“The home I grew up in will never exist again, and this is why I write so much about home, perhaps. Because I lost mine,” Jesmyn Ward told Roxane Gay in an interview for The Toast. They discussed Ward’s new memoir, Men We Reaped, her writing process, and how she deals with being labeled a “black woman writer.”
Chekhov never published an autobiography, but he did once write a letter in which, in Chekhovian fashion, he summed up his life in a paragraph. At The Paris Review Daily, you can read the Constance Garnett translation of this letter in full. You could also check out Brendan Mathews on reading Chekhov for self-improvement.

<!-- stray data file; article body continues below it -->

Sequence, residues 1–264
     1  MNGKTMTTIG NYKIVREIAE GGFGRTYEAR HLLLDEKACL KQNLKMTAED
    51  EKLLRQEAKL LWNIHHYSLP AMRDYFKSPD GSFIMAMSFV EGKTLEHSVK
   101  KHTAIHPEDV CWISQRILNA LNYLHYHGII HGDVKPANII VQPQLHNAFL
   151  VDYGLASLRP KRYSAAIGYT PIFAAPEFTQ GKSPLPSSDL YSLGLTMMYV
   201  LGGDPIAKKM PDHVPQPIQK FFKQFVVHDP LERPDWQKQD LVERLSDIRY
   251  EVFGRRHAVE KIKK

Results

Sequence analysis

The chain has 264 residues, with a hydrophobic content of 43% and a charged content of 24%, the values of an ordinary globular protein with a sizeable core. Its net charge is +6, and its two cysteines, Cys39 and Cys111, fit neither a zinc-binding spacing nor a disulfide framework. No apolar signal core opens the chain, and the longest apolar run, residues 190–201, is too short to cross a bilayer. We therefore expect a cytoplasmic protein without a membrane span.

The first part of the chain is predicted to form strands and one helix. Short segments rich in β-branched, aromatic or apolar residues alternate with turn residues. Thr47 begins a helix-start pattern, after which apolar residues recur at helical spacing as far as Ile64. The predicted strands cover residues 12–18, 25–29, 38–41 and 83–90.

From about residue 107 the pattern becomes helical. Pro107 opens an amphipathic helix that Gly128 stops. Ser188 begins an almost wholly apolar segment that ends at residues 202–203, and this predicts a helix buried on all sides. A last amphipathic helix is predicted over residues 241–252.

“‘There is almost no work, within the vast range of literature and science,’ [Thomas Jefferson] wrote in an 1874 report, ‘which may not at some time prove useful to the legislature of a great nation.’ Thus the Library Of Congress’s mandate expanded: it would acquire anything and everything of importance … By the late 19th century, the LOC had become a kind of national brain trust, a heritage of information that aspired to timelessness.” This piece on the Library of Congress and its internet progress (or lack thereof) is fascinating and thorough. Go and spend some time with the digital archive, there are only around seven million gigabytes of information for you to thumb through.